Mirrorless cameras create red dots when they flare

In addition to the polygon-shaped aperture ghosts, several red dots surround the sun – they are microlenses on the digital camera sensor, which are amplified and visible.

Factors Impacting Lens Flare

What Is Lens Flare by thevloggingtech.com

Despite the use of multi-coating technologies in most modern lenses, the best of these lenses can still cause ghosting and even veiling flare when used on professional level cameras.

The angle at which light hits the lens (and subsequently the camera film/sensor) and the location of the light source in the frame, therefore, influence flare intensity and how it appears in images.

The other factors I have mentioned could also have a serious effect on images.

Let’s examine these more closely:

  • Lens Elements – the more elements on a lens, the more ghostly images you will see.
  • Focus Length – wide-angle lenses are designed to handle flare well, but their short focal lengths also make the light source seem smaller. The other issue with Telephoto lenses is that they have huge/long lens hoods and therefore perform much worse.
  • Lens Design – a good lens design will certainly affect flare. A lens design by Nikon, for example, features recessed front elements that, when combined with sophisticated coating technologies, can reduce flare, ghosting, and chromatic aberrations substantially.
  • Multi-Coatings – MRC (multiple coatings) lens elements definitely make a difference in flare performance
  • Filters – Low-quality filters produce more flare and ghosting issues in images.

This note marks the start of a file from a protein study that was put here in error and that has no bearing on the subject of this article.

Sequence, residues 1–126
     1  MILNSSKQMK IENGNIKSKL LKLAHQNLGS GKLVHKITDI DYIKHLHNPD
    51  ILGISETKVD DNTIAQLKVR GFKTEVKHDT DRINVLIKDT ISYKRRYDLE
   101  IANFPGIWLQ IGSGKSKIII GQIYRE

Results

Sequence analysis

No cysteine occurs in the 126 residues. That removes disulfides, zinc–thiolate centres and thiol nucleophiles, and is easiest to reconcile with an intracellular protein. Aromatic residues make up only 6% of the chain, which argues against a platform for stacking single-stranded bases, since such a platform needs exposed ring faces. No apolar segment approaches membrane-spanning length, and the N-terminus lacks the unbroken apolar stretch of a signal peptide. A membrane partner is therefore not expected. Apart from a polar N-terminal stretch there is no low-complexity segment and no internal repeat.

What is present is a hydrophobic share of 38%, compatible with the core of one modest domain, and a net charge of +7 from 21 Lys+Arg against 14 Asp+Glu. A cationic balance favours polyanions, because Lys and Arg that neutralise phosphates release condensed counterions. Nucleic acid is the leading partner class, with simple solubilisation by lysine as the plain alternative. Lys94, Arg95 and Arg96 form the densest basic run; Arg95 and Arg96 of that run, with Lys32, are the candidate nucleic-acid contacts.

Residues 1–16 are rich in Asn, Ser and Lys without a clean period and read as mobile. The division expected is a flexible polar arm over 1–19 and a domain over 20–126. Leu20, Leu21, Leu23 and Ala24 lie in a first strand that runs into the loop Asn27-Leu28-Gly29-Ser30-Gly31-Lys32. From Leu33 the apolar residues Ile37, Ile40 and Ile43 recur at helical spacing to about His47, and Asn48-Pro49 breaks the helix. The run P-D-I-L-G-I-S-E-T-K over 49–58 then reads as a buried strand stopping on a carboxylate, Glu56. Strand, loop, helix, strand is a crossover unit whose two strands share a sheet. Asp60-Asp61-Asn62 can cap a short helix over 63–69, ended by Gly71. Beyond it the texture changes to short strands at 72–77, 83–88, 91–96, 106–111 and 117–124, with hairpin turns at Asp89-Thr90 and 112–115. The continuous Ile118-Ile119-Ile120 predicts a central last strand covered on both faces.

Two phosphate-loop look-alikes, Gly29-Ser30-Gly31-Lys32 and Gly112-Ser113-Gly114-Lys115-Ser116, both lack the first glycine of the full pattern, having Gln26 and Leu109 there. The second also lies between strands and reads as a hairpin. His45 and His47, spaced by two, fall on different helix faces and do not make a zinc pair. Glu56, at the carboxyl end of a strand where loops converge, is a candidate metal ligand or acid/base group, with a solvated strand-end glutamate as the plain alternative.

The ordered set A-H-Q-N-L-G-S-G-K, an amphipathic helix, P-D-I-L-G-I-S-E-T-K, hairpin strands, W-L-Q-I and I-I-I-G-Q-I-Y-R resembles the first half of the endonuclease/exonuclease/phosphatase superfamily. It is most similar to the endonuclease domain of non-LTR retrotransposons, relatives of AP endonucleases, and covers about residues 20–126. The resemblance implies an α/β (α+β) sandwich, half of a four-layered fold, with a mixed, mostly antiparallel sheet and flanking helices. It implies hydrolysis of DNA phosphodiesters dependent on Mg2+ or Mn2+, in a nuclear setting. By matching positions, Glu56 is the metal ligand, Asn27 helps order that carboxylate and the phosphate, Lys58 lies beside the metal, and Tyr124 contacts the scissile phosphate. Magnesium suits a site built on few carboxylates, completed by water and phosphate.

• Lens Dust – As lenses age, they accumulate dust, and internal dust can generate a veiling flare.
  • Front Element Cleanliness – Grease and other particles on the front element can also cause flares/ghosting.

Avoid Lens Flare

What Is Lens Flare by thevloggingtech.com

There are simple steps to prevent flare from appearing in your images:

The following steps will help you avoid lens flare

  • Protect your lens with a lens hood
  • That’s right – there’s a reason why lens hoods exist. They greatly reduce the amount of direct sunlight reaching the front element.
  • If you have an object in your hand, use it.
  • By simply placing your hand over the lens, you can completely eliminate ghosting and flares. Easy to use and effective!
  • Invest in high-quality lenses
  • Despite their high price tag, professional lenses often have amazing coatings that help significantly reduce or even eliminate flare issues.
  • Instead of zoom lenses, use prime lenses.
  • It is generally recognized that prime lenses have simpler optical formulas and fewer elements than zoom lenses. Flare will appear less in images when you deal with fewer elements.
  • Shift perspectives/frames.
  • You can often make a dramatic difference in your lighting just by moving the light source around.

In the right-hand corner of the picture, you can see a lens flare.

Sadly, while keeping the lens hood on is a good idea and knowing you can block off the light with your hand or other objects is a good idea, including the sun in an image will negate any other efforts you have made.

The best options are changing the perspective or framing completely in those situations or only using high-quality lenses with multicoated elements.


How is lens flare caused?

A bright light source causes a lens flare source. Light sources that are located differently in the frame can produce different effects on lens flare. The light rays from a very bright light source (such as the sun) can reach the front of the lens and cause a flare, even if the light source itself is not visible in the image.

How to Get Rid of Lens Flare?

You can completely eliminate lens flare by excluding bright light sources from your frame, as well as blocking their rays from reaching your lens. It would help if you used the lens hood when taking pictures in daylight so that the sun’s rays do not reach the front of the lens.

What Can You Do to Prevent Lens Flare at Night?

Using small apertures can increase the effects of flare when you shoot at night. If you wish to reduce lens flare in your images, avoid using small apertures. Further, choose a lens with a high-quality coating, which will help you deal with lens flare. Last but not least, make sure all lens filters are removed from your lens